part, are replacing the Morse code.''  And, the Commission asked
whether it should consider specifying Morse code examination
methods, such as fill-in-the-blank or one minute of solid copy,
instead of allowing VEs to determine the testing method.

In a related issue, the FCC also seeks comments on how to deal with
potential abuses of the current disability waiver for higher-speed
Morse code tests.  In RM-9196, the ARRL had asked the FCC to require
anyone applying for an exemption pursuant to a doctor's
certification to first attempt the higher-speed test before
examination credit could be given.  The League also asked that VECs
have access to relevant medical information from the certifying
physician.  The FCC said the ARRL's proposal would place ''an unfair
burden on examinees'' and raised serious privacy and confidentiality
issues.

The FCC went along with an ARRL petition and proposed allowing
Advanced class hams to be eligible to prepare and administer license
examinations up through General class under the VE program.  The
Commission said the change would permit greater testing
opportunities for hams.  The FCC also invited comments on whether it
should change written examination requirements ''to provide VEs and
VECs additional flexibility in determining the specific contents of
written examinations.''

Referring to yet another ARRL petition, RM-9150, the FCC invited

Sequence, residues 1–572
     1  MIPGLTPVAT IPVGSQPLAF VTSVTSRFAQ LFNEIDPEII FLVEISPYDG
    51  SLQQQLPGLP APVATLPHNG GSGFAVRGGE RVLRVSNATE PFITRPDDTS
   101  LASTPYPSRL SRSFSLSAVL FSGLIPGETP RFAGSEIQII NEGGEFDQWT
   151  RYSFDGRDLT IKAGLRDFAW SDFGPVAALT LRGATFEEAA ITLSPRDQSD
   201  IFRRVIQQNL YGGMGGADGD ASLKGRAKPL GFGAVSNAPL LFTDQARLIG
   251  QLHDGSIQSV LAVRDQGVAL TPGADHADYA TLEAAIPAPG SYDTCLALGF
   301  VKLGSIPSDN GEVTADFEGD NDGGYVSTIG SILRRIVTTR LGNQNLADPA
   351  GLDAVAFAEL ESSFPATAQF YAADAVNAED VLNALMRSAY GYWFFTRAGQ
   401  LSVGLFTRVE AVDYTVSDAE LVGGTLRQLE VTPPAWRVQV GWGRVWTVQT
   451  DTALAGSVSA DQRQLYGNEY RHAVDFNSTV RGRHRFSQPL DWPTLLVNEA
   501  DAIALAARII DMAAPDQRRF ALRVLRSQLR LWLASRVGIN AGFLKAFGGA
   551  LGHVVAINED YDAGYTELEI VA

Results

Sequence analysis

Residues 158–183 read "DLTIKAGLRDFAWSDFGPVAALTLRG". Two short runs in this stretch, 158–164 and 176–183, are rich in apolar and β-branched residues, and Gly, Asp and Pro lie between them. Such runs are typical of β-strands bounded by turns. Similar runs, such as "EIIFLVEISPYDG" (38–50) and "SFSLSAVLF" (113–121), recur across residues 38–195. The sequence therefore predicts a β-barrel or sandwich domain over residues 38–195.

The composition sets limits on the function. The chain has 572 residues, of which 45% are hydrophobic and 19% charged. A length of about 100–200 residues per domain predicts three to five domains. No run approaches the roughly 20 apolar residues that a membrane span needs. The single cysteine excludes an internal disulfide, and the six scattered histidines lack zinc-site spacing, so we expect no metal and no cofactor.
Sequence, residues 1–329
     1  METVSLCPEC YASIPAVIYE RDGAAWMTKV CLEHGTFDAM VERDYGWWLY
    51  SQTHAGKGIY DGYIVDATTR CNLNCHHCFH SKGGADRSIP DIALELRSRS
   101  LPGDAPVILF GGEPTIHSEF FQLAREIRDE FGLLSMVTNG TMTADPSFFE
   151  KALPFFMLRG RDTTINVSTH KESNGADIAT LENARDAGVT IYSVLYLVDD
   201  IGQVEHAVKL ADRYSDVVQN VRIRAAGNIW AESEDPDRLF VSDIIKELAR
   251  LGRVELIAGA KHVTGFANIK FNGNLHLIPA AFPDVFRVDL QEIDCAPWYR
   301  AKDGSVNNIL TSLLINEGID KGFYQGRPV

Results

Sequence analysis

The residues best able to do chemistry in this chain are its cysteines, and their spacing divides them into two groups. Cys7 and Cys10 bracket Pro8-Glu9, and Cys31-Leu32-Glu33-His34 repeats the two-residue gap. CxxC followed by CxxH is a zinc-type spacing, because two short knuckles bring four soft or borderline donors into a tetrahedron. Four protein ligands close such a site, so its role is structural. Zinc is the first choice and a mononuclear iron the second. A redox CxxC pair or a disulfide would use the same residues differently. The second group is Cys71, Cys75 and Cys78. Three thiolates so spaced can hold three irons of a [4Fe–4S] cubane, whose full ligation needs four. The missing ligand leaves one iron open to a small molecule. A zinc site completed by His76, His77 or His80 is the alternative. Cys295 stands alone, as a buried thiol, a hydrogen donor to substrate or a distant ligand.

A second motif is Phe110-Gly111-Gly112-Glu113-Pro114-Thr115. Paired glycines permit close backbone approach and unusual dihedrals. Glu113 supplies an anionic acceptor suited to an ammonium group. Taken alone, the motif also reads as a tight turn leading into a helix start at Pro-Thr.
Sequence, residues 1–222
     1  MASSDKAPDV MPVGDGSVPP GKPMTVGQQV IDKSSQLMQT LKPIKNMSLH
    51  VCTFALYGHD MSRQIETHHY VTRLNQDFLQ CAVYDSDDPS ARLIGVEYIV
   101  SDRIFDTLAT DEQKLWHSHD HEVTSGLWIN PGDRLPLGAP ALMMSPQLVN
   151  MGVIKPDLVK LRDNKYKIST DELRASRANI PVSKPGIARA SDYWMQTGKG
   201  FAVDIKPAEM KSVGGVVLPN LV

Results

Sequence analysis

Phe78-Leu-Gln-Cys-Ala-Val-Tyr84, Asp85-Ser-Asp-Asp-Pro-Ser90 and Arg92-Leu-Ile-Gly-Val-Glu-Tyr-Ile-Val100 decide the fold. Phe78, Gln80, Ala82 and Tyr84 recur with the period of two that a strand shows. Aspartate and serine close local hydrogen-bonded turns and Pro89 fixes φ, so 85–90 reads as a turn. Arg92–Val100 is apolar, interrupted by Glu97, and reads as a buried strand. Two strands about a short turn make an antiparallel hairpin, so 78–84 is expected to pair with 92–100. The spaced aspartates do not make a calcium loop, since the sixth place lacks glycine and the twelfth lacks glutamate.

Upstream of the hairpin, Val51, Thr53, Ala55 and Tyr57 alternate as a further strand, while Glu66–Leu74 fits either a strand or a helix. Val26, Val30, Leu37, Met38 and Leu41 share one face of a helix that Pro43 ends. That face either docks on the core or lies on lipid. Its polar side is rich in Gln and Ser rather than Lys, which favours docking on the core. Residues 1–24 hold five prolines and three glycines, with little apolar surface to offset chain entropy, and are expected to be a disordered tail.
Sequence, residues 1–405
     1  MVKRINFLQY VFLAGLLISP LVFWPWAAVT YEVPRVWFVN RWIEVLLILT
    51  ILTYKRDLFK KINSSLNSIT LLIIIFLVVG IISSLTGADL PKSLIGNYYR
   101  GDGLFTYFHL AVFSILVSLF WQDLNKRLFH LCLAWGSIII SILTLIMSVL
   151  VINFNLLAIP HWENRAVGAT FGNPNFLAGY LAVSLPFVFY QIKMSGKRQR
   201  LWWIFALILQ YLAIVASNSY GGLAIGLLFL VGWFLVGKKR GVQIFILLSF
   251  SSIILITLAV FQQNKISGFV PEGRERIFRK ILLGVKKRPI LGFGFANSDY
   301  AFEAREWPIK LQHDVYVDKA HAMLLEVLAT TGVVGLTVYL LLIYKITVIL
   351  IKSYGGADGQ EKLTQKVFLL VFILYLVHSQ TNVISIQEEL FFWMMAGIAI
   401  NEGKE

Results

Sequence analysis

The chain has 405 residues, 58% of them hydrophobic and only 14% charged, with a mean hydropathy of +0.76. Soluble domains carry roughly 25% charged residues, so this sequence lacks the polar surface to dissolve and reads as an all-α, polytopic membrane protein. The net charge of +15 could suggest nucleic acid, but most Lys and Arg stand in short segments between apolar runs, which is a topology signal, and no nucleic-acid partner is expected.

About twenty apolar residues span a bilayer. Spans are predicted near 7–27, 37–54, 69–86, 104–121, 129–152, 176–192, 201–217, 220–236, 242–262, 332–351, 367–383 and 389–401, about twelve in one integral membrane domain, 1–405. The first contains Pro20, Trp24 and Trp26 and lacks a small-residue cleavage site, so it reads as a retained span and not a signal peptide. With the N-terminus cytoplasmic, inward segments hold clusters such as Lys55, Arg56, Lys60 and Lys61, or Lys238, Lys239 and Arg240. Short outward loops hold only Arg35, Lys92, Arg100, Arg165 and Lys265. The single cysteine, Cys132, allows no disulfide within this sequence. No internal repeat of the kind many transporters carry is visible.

comments on how it can improve its Amateur Radio enforcement
processes.  The FCC applauded the ARRL ''for its creative thinking''
in that petition, but said the specific proposal was ''inconsistent''
with the current statutory role of administrative law judges.  The
FCC raised the possibility of encouraging complainants to include a
draft order ''to show cause to initiate a revocation or cease and
desist hearing proceeding.''  The FCC said it also wants to hear how
it can better use the services of the Amateur Auxiliary in beefing
up enforcement.

The FCC proposed to phase out Radio Amateur Civil Emergency Service,
or RACES, stations by not renewing their licenses.  No new RACES
licenses have been issued since 1980, and only 249 valid licenses
remain.  The FCC said RACES stations no longer are needed because
any amateur station that has been properly registered with a civil
defense organization has the same privileges as a RACES station.

The FCC also took the occasion to clarify the definition of ''power''
as used in the RF exposure table in Section 97.13(c)(1).  The FCC
said it refers to peak envelope power (PEP) input to the antenna.
It also made clear that no one holding an FCC-issued ham ticket may
apply for a reciprocal permit for alien amateur license.

The FCC set a longer-than-normal comment period.  The deadline for
comments is December 1, 1998.  The deadline for reply comments is
January 15, 1999.  The FCC will accept electronic comments via the
Internet at http://www.fcc.gov/e-file/ecfs.html.

A copy of the complete NPRM has been posted on the ARRLWeb page,
http://www.arrl.org. The FCC NPRM can also be downloaded from the
FCC Web site in Word Perfect 5.1 and Text versions as:
http://www.fcc.gov/Bureaus/Wireless/Notices/1998/fcc98183.wp
http://www.fcc.gov/Bureaus/Wireless/Notices/1998/fcc98183.txt
respectively.